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The prevalence of comorbid personality disorders in treatment-seeking problem gamblers: a systematic review and meta-analysis

Dowling, Nicki A., Cowlishaw, Sean, Jackson, Alun C., Merkouris, Stephanie S., Francis, Kate L. and Christensen, Darren R. 2015, The prevalence of comorbid personality disorders in treatment-seeking problem gamblers: a systematic review and meta-analysis, Journal of personality disorders, vol. 29, no. 6, pp. 735-754, doi: 10.1521/pedi_2014_28_168.

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Title The prevalence of comorbid personality disorders in treatment-seeking problem gamblers: a systematic review and meta-analysis
Author(s) Dowling, Nicki A.ORCID iD for Dowling, Nicki A. orcid.org/0000-0001-8592-2407
Cowlishaw, Sean
Jackson, Alun C.
Merkouris, Stephanie S.ORCID iD for Merkouris, Stephanie S. orcid.org/0000-0001-9037-6121
Francis, Kate L.ORCID iD for Francis, Kate L. orcid.org/0000-0002-1751-5313
Christensen, Darren R.
Journal name Journal of personality disorders
Volume number 29
Issue number 6
Start page 735
End page 754
Total pages 20
Publisher Guilford Publications
Place of publication New York, N.Y.
Publication date 2015-12
ISSN 0885-579X
Keyword(s) Science & Technology
Life Sciences & Biomedicine
Psychiatry
PATHOLOGICAL GAMBLERS
PSYCHIATRIC COMORBIDITY
EPIDEMIOLOGY
IMPULSIVITY
IPDE
Summary The aim of this study was to systematically review and meta-analyze the prevalence of comorbid personality disorders among treatment-seeking problem gamblers. Almost one half (47.9%) of problem gamblers displayed comorbid personality disorders. They were most likely to display Cluster B disorders (17.6%), with smaller proportions reporting Cluster C disorders (12.6%) and Cluster A disorders (6.1%). The most prevalent personality disorders were narcissistic (16.6%), antisocial (14.0%), avoidant (13.4%), obsessive-compulsive (13.4%), and borderline (13.1%) personality disorders. Sensitivity analyses suggested that these prevalence estimates were robust to the inclusion of clinical trials and self-selected samples. Although there was significant variability in reported rates, subgroup analyses revealed no significant differences in estimates of antisocial personality disorder according to problem gambling severity, measure of comorbidity employed, and study jurisdiction. The findings highlight the need for gambling treatment services to conduct routine screening and assessment of co-occurring personality disorders and to provide treatment approaches that adequately address these comorbid conditions.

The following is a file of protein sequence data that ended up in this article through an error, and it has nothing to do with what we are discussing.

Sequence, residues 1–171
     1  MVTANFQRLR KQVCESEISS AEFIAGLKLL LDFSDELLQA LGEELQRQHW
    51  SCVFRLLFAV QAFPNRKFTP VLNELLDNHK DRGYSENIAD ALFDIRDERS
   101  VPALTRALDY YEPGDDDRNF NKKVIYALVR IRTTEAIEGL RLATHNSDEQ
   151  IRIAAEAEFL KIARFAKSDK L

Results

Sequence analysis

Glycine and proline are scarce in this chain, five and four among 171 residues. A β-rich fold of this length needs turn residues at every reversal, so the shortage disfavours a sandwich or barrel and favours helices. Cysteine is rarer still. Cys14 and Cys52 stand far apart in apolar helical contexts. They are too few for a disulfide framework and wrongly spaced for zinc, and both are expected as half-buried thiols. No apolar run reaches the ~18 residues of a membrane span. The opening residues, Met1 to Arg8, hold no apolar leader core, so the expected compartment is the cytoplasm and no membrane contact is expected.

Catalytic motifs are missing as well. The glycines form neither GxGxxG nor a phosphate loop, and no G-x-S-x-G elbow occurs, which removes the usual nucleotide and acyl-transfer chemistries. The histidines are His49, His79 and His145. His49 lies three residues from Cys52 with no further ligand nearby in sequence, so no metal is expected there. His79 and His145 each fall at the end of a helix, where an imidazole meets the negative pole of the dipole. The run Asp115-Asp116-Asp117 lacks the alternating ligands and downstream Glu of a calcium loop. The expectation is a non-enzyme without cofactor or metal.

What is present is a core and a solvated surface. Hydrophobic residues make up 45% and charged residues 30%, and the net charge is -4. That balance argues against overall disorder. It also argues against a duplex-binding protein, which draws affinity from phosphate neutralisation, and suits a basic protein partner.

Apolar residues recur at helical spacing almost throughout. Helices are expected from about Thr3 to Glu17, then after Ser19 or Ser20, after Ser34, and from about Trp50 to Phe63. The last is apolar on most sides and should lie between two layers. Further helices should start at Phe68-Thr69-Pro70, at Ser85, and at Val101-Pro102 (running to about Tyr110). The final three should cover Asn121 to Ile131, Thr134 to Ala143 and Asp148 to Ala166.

Language eng
DOI 10.1521/pedi_2014_28_168
Field of Research 1701 Psychology
170106 Health, Clinical and Counselling Psychology
Socio Economic Objective 920499 Public Health (excl. Specific Population Health) not elsewhere classified
HERDC Research category C1 Refereed article in a scholarly journal
ERA Research output type C Journal article
Copyright notice ©2015, Guilford Publications
Persistent URL http://hdl.handle.net/10536/DRO/DU:30081275

Document type: Journal Article
Collection: School of Psychology
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